Theresa May’s much awaited response to Trump Charlottesville rhetoric

Theresa May’s much awaited response to Trump Charlottesville rhetoric


Theresa May has spoken to criticise Donald Trump’s response to white supremacist violence and demonstrations in Charlottesville.

Her words come after the PM originally declined to condemn the President’s remarks. On Monday, her spokesman said, “What the president says is a matter for him.”

Trump claimed there was “blame on many sides” for the violence in Charlottesville, that has left one person dead and 19 injured.

However May said today, 16th August, that, “I see no equivalence between those who propound fascist views and those who oppose them.”

“I think it is important for all those in positions of responsibility to condemn far-right views wherever we hear them.”

May is facing criticism herself from some quarters, as her comments did not directly challenge Trump. This echoes criticism she faced earlier this year as she dodged questions on Trump’s immigration ban in January. She eventually stated, “The United States is responsible for United States policy on refugees. The UK is responsible for UK policy on refugees.”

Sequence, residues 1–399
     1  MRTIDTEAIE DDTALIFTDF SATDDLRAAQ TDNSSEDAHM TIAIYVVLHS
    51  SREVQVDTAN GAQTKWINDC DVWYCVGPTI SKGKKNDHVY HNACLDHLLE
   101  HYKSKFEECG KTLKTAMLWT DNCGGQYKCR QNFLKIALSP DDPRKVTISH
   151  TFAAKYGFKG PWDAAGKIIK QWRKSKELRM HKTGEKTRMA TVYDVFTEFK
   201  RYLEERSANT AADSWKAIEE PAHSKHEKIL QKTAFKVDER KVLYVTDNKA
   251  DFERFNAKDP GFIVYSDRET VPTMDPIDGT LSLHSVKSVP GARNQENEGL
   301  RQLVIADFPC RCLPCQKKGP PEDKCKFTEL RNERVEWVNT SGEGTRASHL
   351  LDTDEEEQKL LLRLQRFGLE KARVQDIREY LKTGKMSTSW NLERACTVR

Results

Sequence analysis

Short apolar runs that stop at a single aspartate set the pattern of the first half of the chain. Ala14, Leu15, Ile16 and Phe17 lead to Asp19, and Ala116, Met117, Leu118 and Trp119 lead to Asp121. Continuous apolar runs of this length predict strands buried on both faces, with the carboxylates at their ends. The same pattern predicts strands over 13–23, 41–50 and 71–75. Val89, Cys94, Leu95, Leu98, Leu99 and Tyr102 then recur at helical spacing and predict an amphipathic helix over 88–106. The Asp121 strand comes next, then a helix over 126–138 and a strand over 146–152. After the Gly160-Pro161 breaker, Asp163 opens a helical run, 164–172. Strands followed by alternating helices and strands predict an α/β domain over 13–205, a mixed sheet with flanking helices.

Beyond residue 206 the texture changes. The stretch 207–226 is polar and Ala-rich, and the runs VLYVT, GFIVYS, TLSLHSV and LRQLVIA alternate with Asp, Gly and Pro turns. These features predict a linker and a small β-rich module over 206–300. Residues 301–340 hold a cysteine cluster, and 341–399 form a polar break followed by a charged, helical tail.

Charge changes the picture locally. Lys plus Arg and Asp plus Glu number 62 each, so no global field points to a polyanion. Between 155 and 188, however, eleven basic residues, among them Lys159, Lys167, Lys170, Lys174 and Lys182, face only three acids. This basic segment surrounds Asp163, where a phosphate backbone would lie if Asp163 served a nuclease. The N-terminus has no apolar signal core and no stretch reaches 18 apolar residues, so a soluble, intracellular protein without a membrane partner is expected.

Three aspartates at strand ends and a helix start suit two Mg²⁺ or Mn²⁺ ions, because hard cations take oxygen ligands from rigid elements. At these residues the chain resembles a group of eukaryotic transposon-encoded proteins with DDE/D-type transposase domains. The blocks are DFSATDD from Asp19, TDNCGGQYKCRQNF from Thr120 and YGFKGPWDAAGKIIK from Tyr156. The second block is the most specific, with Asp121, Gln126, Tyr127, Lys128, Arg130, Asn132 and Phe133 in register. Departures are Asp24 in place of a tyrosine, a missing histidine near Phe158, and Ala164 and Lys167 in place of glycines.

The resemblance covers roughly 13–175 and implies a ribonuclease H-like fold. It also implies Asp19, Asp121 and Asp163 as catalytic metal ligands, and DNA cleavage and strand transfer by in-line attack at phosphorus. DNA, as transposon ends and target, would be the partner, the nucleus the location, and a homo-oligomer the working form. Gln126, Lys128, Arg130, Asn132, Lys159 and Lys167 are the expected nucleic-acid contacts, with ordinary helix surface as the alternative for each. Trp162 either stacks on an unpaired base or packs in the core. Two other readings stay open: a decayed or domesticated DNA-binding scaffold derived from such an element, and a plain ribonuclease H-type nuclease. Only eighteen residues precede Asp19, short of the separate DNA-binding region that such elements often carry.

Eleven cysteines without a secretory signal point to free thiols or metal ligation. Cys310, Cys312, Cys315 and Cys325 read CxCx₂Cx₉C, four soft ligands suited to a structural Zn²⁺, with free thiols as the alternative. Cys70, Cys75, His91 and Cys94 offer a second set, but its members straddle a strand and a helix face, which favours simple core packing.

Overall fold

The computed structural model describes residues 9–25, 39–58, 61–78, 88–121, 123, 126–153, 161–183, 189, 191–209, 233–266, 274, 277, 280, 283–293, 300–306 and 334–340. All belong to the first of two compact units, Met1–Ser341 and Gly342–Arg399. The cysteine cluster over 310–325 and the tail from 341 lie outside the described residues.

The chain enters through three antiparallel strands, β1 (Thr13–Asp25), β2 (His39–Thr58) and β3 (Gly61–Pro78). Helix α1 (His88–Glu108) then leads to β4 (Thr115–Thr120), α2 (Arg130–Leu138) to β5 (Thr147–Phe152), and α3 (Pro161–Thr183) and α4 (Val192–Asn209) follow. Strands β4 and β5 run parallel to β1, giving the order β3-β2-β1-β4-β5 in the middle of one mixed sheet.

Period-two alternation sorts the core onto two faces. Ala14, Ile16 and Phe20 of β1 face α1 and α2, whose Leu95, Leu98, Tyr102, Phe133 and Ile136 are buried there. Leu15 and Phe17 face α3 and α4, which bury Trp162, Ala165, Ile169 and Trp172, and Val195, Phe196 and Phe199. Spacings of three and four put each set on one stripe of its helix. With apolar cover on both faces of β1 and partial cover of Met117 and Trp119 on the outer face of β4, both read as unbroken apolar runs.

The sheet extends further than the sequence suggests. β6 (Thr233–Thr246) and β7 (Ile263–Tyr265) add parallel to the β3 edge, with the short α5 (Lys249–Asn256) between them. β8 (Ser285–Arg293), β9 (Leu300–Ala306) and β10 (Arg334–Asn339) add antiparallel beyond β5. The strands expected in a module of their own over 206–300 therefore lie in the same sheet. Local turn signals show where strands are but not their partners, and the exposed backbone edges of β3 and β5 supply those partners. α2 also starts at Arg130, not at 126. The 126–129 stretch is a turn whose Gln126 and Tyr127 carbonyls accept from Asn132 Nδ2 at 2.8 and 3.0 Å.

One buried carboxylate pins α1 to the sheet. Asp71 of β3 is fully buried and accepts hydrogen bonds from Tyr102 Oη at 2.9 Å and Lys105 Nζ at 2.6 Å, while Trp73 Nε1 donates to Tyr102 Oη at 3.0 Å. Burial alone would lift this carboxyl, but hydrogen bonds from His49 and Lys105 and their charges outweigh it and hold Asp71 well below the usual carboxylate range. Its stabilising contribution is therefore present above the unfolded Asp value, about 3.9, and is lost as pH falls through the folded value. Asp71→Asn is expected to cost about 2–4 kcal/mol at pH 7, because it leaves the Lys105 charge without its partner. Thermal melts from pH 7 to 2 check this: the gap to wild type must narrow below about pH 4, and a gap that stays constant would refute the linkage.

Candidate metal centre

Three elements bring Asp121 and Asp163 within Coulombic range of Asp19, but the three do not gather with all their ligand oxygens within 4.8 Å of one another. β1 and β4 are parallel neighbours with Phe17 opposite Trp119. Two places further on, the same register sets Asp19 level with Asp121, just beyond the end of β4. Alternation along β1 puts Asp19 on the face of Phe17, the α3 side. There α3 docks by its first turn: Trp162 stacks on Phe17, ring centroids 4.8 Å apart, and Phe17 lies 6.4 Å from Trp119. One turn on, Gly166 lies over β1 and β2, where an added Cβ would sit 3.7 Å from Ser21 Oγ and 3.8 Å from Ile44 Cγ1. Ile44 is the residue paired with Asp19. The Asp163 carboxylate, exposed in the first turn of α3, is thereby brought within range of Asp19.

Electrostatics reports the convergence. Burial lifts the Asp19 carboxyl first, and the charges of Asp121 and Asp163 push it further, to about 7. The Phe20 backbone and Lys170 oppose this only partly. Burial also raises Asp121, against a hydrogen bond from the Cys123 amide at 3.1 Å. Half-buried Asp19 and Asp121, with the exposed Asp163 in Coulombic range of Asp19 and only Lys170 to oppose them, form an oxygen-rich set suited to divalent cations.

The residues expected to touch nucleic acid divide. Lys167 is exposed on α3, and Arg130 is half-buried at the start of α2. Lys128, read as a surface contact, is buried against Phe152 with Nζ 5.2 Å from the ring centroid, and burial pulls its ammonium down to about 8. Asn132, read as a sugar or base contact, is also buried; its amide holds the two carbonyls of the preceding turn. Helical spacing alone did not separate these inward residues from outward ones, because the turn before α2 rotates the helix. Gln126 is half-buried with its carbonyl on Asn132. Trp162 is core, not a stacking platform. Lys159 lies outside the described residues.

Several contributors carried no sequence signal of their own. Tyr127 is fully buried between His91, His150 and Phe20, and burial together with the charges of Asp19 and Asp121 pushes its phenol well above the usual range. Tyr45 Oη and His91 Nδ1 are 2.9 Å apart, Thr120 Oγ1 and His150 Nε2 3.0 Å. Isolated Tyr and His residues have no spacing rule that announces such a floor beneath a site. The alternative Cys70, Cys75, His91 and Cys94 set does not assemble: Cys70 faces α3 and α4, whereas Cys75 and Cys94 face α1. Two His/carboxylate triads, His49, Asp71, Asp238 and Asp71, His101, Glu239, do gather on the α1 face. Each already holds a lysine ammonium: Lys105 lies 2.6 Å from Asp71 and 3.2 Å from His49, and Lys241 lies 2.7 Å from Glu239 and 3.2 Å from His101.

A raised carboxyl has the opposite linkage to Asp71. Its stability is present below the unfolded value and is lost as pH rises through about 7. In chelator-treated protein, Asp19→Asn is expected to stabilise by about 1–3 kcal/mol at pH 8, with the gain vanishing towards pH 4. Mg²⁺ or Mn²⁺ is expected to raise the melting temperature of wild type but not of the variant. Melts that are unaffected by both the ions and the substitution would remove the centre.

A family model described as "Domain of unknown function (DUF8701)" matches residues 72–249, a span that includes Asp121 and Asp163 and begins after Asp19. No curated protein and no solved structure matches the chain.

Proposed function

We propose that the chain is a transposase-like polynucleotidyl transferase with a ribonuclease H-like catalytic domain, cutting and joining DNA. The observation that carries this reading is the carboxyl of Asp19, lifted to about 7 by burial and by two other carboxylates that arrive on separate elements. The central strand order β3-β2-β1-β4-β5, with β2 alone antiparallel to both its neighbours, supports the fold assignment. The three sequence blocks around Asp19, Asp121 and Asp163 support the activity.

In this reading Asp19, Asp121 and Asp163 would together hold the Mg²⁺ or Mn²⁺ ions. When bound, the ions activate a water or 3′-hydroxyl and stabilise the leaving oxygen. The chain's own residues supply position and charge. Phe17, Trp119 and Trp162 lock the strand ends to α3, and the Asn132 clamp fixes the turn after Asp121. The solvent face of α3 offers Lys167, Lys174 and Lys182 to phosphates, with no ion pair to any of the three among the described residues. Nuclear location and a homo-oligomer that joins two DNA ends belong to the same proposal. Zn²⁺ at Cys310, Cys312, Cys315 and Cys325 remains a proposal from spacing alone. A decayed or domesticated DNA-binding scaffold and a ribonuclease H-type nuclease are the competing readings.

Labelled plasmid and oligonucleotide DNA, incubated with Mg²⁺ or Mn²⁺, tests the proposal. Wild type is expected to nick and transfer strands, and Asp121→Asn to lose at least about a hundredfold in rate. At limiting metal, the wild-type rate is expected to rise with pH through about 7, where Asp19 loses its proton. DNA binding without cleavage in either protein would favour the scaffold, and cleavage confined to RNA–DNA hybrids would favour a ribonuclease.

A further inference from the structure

MPs from across the British political parties have tweeted their own criticisms of the US president, with Labour MPs in particular calling for May to cancel Trump’s state visit to the UK.

“A state visit by Donald Trump would shame this country and betray all we stand for. Theresa May should revoke the invitation immediately,” tweeted shadow defence secretary Nia Griffith.

Although Trump appeared to condemn white supremacist violence in a recent statement, at a press conference on Tuesday 15th August he again castigated anti-fascist counter-protestors at the Charlottesville demonstrations.

“You had a group on one side and group on the other and they came at each other with clubs. There is another side, you can call them the left, that came violently attacking the other group,” said the President.

“You had people that were very fine people on both sides,” adding: “Not all those people were neo-Nazis, not all those people were white supremacists,” he added.

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